Materials and Methods

From January to April 2021 we collected consecutive PET/CT findings of COVID-19 vaccine related tracer uptake.

Data collection

In this time interval, we performed whole body PET/CT scans as follows: 712 patients with 2-[18F]FDG, 31 prostate cancer patients with [18F]Choline, 2 oncologic patients with [18F]-fluoride, 8 patients with neuroendocrine tumors by [68Ga]Ga-DOTATOC, 4 patients with medullary thyroid cancer with [18F]-6-FDOPA.

The study was approved by our local ethics committee. The need for informed patient consent was waived.

Nine patients undergoing whole body 2-[18F]FDG PET/CT scan were excluded due to incomplete medical records or a known malignancy involving axillary lymph nodes.

Before PET/CT, all patients were asked to fill a standard clinical form, including age, sex, clinical indication for the exam, clinical status, recent chemotherapy and/or radiotherapy, surgical procedures, date of COVID-19 vaccination and arm of vaccine administration.

When observed, correct identification of abnormal findings in axial and/or deltoid muscle were obtained by accurate anamnesis or, when possible, by correlative imaging with contrast enhanced CT and ultrasound, performed in our Department.

PET/CT acquisition protocols

All patients fasted for at least 6 h before 2-[18F]FDG and [18F]Choline intravenous injection; in patients examined by 2-[18F]FDG PET/CT, serum glucose level was measured before tracer administration. Patients were injected with 250–330 MBq of 2-[18F]FDG and subsequently hydrated [500 ml of intra venous saline sodium chloride (NaCl) 0.9%] in order to reduce renal pooling of radiotracer.

A PET-CT system Discovery 710 (GE Medical Systems, TN, USA) was used. This system combines a high-speed ultra 128 slices CT unit and a PET scanner with 10080 bismuth germanate (BGO) crystals in 24 rings. A low amperage CT scan was acquired for attenuation correction of PET images (80 mA, 140 kV, field of view (FOV) about 420–500 mm, CT slice thickness 3.75). After low dose CT, PET images were acquired 60 min after 2-[18F]FDG administration (or 45 min after [18F]Choline administration).

Imaging analysis

Images were evaluated on a dedicated workstation by a nuclear physician and a radiologist.

Axillary lymph nodes with tracer uptake, when observed during a PET/CT with 2-[18F]FDG, were evaluated by means of semi-quantitative analysis with maximum Standardized Uptake Value (SUVmax) [13]. Spherical Regions of Interest (ROIs) were drawn on fused axial PET/CT views to measure the SUVmax.


Globally, 757 consecutive adult patients were scanned by means of PET/CT in cited time interval.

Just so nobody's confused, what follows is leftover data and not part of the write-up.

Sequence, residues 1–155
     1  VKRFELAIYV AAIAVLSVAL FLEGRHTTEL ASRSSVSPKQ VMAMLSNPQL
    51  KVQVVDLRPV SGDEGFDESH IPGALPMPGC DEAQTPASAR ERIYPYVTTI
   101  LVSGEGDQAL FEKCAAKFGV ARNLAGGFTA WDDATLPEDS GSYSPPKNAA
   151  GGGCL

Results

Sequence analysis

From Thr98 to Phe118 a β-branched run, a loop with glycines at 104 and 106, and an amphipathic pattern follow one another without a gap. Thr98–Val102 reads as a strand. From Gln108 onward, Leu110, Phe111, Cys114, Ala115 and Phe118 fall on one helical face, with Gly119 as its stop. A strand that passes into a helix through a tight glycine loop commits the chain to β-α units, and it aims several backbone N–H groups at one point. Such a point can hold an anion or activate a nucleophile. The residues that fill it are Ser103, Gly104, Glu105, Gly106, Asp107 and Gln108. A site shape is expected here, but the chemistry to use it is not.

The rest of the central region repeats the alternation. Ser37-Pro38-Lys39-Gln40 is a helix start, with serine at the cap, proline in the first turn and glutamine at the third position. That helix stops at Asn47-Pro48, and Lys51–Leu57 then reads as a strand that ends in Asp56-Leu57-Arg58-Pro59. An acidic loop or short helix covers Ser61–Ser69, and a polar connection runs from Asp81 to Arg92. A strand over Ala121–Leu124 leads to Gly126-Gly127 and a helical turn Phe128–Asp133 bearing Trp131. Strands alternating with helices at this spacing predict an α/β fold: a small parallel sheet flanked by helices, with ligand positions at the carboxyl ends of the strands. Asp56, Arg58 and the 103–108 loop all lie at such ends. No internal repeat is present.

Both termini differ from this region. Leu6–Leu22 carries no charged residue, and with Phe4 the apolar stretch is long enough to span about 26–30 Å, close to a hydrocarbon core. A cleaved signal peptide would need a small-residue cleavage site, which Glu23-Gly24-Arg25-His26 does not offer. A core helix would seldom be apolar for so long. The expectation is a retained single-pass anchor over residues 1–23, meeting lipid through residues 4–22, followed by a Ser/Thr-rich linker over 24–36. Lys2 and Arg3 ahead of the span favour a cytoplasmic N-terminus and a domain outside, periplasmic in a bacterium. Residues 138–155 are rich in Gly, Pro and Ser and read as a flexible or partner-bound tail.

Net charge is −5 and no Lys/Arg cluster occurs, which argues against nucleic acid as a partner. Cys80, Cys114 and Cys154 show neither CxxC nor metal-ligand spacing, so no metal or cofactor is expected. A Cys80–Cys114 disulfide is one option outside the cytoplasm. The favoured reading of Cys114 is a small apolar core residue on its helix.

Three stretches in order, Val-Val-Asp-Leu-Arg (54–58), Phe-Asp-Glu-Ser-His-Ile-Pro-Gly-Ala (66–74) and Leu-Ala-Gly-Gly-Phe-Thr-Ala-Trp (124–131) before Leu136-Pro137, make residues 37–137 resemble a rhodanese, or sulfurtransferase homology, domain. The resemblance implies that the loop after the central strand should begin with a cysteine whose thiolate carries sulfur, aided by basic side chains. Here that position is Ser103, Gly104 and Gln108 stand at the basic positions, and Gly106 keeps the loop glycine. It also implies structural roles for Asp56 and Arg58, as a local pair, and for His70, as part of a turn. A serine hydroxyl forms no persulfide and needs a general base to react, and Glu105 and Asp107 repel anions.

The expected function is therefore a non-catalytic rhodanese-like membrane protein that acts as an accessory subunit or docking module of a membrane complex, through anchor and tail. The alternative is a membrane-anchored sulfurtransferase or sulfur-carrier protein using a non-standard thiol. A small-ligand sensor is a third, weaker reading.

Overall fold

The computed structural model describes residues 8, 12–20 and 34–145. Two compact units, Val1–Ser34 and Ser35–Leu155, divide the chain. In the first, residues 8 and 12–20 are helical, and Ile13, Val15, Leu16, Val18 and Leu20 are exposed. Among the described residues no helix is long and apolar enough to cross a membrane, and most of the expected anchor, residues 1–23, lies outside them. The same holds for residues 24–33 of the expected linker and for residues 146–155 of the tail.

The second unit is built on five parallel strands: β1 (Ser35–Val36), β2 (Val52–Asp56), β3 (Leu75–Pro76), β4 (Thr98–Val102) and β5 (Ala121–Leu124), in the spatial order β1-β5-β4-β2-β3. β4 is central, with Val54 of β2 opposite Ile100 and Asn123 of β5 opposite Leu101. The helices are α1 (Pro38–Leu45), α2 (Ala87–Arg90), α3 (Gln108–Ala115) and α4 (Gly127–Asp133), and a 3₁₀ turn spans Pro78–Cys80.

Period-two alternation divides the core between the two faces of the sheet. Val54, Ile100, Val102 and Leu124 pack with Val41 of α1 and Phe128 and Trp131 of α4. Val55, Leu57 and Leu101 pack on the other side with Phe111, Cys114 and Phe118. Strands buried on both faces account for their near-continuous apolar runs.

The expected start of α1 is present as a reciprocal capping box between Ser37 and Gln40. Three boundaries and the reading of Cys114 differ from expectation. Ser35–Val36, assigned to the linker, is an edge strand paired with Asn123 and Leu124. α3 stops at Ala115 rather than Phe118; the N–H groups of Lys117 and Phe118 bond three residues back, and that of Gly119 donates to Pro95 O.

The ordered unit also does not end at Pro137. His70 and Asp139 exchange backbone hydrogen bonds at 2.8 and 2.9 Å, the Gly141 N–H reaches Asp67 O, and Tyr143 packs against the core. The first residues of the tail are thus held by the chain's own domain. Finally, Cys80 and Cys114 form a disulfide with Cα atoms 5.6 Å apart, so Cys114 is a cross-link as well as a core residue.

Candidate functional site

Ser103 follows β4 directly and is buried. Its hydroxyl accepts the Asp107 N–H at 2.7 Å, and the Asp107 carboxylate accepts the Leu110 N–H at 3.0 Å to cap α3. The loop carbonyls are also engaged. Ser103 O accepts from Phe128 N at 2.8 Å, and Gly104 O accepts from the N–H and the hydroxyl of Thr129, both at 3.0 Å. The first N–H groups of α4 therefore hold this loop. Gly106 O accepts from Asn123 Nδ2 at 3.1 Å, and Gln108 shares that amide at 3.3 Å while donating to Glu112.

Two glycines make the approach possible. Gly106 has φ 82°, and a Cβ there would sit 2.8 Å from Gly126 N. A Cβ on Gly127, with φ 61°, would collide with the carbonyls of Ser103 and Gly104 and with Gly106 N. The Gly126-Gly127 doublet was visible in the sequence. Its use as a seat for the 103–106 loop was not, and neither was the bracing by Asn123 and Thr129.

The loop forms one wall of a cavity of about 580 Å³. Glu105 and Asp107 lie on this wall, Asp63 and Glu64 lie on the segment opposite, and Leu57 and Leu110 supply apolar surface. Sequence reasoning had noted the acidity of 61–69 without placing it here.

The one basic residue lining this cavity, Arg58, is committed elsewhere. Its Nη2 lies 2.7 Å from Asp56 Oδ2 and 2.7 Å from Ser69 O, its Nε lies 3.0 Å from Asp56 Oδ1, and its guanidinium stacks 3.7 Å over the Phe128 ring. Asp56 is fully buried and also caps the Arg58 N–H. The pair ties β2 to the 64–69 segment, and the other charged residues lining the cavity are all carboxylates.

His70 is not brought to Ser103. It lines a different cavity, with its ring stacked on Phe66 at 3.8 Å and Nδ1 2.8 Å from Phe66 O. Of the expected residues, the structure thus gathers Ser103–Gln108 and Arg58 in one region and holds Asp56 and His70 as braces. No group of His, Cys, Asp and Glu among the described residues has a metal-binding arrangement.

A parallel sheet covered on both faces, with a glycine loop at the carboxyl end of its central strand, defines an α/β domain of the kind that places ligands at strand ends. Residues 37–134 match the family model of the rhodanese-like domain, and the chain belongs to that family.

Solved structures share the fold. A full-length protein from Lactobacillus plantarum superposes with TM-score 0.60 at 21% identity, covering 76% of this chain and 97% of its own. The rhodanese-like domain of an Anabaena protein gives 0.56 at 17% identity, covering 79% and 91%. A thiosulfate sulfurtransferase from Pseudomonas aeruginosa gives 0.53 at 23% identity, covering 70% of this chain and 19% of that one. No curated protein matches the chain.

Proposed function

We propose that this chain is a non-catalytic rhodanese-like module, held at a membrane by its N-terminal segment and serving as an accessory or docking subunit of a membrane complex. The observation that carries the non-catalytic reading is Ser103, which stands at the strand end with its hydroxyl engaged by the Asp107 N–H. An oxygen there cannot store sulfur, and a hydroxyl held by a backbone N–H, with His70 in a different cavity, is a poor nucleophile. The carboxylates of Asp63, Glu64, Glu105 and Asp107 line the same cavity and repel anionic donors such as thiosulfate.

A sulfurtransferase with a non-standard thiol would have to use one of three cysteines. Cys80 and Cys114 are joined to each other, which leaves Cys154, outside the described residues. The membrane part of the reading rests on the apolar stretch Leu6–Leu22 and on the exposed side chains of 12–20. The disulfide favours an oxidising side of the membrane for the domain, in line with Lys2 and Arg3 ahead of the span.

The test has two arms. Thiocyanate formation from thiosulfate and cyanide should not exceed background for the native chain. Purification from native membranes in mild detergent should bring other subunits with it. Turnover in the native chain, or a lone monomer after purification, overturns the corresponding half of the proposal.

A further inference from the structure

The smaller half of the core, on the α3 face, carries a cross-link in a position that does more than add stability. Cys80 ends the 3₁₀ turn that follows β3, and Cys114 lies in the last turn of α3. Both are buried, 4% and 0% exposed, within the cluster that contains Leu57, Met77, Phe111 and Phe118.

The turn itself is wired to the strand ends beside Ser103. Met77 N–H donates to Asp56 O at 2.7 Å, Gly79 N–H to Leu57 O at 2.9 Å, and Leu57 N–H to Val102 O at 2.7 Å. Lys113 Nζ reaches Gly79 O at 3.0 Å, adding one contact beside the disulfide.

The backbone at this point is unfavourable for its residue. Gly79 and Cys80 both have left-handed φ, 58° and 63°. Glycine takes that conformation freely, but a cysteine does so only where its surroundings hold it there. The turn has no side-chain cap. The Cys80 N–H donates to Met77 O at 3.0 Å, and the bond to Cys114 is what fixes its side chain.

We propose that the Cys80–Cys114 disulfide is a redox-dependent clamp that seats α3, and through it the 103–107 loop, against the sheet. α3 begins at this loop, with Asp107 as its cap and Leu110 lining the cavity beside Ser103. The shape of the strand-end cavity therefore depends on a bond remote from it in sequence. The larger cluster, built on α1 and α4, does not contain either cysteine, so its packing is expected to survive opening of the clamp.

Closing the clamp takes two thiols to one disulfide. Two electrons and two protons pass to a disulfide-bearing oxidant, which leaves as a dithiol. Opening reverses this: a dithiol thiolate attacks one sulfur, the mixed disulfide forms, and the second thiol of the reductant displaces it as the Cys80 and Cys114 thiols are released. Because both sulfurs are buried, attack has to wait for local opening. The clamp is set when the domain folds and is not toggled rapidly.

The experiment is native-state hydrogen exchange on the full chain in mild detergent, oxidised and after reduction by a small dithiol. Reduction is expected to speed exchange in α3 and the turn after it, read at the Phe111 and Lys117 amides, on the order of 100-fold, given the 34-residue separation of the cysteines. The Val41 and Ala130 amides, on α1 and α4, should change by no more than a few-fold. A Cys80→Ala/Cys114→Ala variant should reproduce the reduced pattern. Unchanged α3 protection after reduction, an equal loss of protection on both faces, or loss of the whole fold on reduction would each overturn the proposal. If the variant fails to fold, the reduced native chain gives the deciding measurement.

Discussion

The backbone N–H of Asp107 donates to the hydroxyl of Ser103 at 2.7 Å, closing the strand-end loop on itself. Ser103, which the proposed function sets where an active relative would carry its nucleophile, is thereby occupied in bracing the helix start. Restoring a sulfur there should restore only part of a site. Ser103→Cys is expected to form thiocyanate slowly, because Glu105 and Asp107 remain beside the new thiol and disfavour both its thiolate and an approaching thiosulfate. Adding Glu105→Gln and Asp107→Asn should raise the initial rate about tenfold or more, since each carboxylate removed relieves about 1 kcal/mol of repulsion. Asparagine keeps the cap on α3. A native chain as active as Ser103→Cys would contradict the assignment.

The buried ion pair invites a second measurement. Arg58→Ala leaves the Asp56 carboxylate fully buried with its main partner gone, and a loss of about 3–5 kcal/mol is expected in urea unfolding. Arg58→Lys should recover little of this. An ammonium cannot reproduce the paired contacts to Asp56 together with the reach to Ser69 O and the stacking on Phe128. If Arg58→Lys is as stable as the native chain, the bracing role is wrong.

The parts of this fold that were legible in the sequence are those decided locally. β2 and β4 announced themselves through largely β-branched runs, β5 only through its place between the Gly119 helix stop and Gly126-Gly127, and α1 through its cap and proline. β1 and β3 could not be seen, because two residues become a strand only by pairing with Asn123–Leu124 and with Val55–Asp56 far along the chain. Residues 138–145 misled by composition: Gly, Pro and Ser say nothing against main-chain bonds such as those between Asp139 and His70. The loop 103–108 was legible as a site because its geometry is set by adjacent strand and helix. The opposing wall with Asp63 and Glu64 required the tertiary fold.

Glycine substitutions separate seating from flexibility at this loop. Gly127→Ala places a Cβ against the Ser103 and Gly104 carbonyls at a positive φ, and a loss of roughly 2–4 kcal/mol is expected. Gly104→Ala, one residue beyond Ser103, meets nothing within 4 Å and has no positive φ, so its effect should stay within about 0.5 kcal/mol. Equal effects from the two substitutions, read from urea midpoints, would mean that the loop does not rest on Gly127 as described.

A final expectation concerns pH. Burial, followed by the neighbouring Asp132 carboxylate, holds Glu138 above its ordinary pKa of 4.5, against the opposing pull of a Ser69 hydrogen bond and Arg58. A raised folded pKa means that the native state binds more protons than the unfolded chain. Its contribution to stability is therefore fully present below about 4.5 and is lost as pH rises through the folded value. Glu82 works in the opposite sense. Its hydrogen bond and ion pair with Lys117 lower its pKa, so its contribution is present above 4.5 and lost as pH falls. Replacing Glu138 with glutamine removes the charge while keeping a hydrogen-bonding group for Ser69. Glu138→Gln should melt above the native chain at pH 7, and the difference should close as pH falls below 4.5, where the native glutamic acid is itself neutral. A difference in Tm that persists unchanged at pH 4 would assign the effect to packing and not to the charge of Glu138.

Particularly, we performed 712 2-[18F]FDG PET/CT scans in 357 male and 355 female patients (see Table 1).


Among these patients, 104/712 already received COVID-19 vaccine administration, with the first dose (n.63) or second dose (n.41). Thus, in our series, 653 patients undergoing 2-[18F]FDG PET/CT did not receive vaccine at the time of the scan.

We observed axillary and/or deltoid 2-[18F]FDG uptake, related to COVID-19 vaccine administration, in 89/104 subjects (85%). Among these, 57/89 (64%) had received the first dose of vaccine prior to the PET/CT scan (Fig. 1) while 32/89 (36%) were also administered with the second dose (Fig. 2) of mRNA vaccine (see Table 2).


Figure 1: A 36-year-old male patient examined by 2-[18F]FDG PET/CT during the staging of Hodgkin’s lymphoma. Baseline PET/CT (a) showed a mediastinal bulky lymphoma, more evident in axial PET/CT view (a′). No abnormal foci of uptake were observed in left axilla neither in ipsilateral deltoid muscle, as showed in axial PET/CT detail (a′′) and oblique PET/CT view of the left arm (a′′′).
Note: After 2 cycles of chemotherapy, the patient underwent interim 2-[18F]FDG PET/CT, showing incomplete response to therapy in the mediastinal mass with residual lymphoid active tissue, as evident in PET Maximum Intensity Projection (b, curved arrow). PET also showed focal uptake in the left deltoid (b, white arrow) and in three ipsilateral axillary lymph nodes (b, black arrow). Residual lymphoma is evident in axial PET/CT view (b′, curved arrow) while axial PET/CT detail shows a 2-[18F]FDG-avid lymph node in left axilla (b″, black arrow), with SUVmax 2.5; oblique PET/CT view of the left arm displays diffuse uptake in the deltoid muscle (b′′′, white arrow), with SUVmax 2.8. The Patient underwent first dose of COVID-19 vaccine 9 days before the second PET/CT scan.


Figure 2: A 56-year-old female patient underwent 2-[18F]FDG PET/CT during follow up of colon cancer. PET Maximum Intensity Projection (a) was negative for disease relapse but showed focal area of uptake in the left axilla and diffuse tracer uptake in the ipsilateral arm. Axial PET/CT views better display the uptake respectively associated to a single axillary lymph node (b) and the ipsilateral deltoid muscle (c), which was the site of the second COVID-19 vaccine administration, occurred 8 days before the scan. Coronal PET/CT view (d) better displays diffuse uptake in the left deltoid muscle.


Mean time of the PET/CT scan after vaccine administration was 12 days (± 3) for patients submitted to the first vaccine dose and 10 days (± 4) for those patients who had also received the second dose (Fig. 3).